Talking Points Memo's Zachary Roth has highlighted similarities between Atlantic Media's 'salon dinners' and the highly controversial evenings advertised by the Washington Post which provoked outrage last week and were swiftly cancelled.
According to Roth, "the notion that the Post's gambit represents some sort of new and uniquely outrageous collapsing of the wall between the editorial and business sides of a news publication is badly off the mark." He believes it is something that other outlets have actually been doing for years. TPM obtained a flyer advertising The Atlantic's dinners which it describes as "private, custom, off-the-record conversations of 20-30 key influential individuals, moderated by an Atlantic editor." The flier is not dated.
Roth spoke to an Atlantic spokesman, Zachary Hooper, who confirmed that the Atlantic has held approximately 100 such events since 2003. Hooper also told Roth that the dinners are generally initiated by the corporation that pays for them. The flier advertises a "sampling of attendees" including a list of journalists such as George Stephanopoulos, Fred Hiatt or Maureen Dowd, as well as a list of politicians. Hence, Roth points out, the events appear "strikingly similar" to those the Post planned to offer.
There are some differences, however, Roth believes. Hooper was clear that the magazine tries to assemble a guest list that would allow journalists and politicians in attendance to hear a range of viewpoints. Atlantic Media's chairman David Bradley also seems confident that there is a difference, and wrote an email to all employees explaining why, extracts of which were published on the Atlantic's website. He wrote that "to my mind, and central to our thinking, the size of our dinners, the presence of outside reporters and the representation of all manner of opposing views have worked well to keep conversation at the level of debate - not advancing any one party's interests."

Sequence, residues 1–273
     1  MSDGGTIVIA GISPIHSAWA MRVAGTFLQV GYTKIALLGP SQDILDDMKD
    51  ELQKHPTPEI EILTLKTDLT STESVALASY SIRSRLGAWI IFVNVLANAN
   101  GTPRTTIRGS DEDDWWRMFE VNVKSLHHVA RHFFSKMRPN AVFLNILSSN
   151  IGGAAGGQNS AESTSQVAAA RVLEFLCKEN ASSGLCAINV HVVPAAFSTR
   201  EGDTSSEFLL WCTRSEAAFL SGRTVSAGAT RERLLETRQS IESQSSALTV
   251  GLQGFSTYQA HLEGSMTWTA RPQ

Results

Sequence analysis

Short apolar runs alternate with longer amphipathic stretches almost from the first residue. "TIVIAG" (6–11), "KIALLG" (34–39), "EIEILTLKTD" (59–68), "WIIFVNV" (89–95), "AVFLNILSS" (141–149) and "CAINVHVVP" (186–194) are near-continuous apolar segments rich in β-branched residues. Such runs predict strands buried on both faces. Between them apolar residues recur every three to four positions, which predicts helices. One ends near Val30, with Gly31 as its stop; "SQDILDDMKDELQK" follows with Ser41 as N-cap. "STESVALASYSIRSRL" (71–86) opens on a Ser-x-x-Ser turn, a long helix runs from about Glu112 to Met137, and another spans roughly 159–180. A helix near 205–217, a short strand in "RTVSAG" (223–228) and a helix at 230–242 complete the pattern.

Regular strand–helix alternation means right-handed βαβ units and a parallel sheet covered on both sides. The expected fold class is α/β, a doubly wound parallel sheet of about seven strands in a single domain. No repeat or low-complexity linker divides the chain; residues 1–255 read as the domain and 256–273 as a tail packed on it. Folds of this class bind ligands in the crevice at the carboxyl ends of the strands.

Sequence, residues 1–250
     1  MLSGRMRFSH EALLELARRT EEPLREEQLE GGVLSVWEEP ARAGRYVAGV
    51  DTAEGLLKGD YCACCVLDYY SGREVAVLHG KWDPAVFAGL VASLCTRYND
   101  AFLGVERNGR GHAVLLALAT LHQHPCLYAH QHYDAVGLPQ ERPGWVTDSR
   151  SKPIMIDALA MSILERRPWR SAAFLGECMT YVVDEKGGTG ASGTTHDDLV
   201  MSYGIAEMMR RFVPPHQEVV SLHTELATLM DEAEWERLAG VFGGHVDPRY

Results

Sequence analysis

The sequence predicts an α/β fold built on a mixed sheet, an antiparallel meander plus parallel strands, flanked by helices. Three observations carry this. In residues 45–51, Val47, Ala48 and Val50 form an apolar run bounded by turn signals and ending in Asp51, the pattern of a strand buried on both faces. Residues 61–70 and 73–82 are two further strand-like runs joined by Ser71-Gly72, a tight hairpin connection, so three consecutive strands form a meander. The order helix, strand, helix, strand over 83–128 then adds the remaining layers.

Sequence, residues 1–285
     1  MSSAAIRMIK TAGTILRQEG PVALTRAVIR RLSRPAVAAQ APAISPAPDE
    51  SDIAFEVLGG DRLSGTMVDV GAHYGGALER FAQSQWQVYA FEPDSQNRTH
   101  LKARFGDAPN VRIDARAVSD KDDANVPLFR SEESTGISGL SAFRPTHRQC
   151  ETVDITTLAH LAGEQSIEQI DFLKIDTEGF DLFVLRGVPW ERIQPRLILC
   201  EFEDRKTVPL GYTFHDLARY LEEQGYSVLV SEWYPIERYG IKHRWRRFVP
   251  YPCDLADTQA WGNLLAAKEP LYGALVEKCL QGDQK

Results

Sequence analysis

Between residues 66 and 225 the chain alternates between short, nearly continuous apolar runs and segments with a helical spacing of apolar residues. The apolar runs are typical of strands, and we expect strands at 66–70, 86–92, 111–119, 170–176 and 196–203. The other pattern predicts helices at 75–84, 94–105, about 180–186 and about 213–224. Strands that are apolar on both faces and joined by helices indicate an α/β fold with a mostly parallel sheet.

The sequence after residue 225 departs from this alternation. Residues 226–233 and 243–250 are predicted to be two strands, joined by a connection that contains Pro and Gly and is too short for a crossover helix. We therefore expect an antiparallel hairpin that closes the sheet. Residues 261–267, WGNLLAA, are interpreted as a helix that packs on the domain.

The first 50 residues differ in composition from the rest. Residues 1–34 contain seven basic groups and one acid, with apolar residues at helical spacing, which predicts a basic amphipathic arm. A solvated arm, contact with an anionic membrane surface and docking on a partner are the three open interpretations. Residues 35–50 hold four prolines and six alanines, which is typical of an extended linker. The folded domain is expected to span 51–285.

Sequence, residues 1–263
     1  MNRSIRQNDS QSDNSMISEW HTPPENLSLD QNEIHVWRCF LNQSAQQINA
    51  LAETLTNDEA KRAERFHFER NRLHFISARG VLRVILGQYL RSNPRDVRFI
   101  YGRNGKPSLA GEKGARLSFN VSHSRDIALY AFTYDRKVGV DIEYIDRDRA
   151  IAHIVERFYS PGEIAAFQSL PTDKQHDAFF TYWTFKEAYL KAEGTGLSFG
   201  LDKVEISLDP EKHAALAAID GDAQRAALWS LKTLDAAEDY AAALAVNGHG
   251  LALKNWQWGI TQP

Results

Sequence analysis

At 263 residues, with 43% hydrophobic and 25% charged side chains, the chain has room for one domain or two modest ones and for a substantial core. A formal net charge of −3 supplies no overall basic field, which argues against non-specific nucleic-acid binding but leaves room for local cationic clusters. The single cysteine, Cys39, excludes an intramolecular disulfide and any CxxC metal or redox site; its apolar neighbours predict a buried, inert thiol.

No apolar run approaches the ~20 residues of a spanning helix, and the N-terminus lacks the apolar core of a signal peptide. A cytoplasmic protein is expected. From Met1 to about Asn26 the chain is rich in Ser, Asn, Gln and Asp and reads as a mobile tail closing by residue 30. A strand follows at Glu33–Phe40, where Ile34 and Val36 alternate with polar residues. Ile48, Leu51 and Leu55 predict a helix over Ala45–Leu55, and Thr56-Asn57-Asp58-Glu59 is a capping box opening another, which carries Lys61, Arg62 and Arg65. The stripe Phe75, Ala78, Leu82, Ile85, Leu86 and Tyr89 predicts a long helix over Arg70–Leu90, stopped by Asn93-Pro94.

Bradley explained that "Sponsors may have input on the evening but, by contract, Atlantic Media keeps control of both the topic for conversation and the guests to be invited." He stressed that the events have never been secret, and that although carried out "in part" for financial reasons, he also thinks that they are good for Washington. And he believes in the necessity of such events being off-the-record, adding that "our editors would say the public-policy discussions help as background in their thinking and writing." Journalists from other publications are also invited. Bradley, like WaPo's Katharine Weymouth, claims not to have seen the marketing materials, such as the flier obtained by TPM, which might be misleading.
While Weymouth is launching an internal review process at the Post, it seems that other publications might have fewer qualms about such events. The Wall Street Journal and the Economist are among those cited as hosting similar discussions, as well as the Atlantic. As advertising's capacity to support newsgathering falls, it is natural and right that publishers seek other revenue streams, and using their contacts to do this is justifiable. Publishers must be careful, however, not to cross the line into organizing events that threaten their and their journalists' credibility.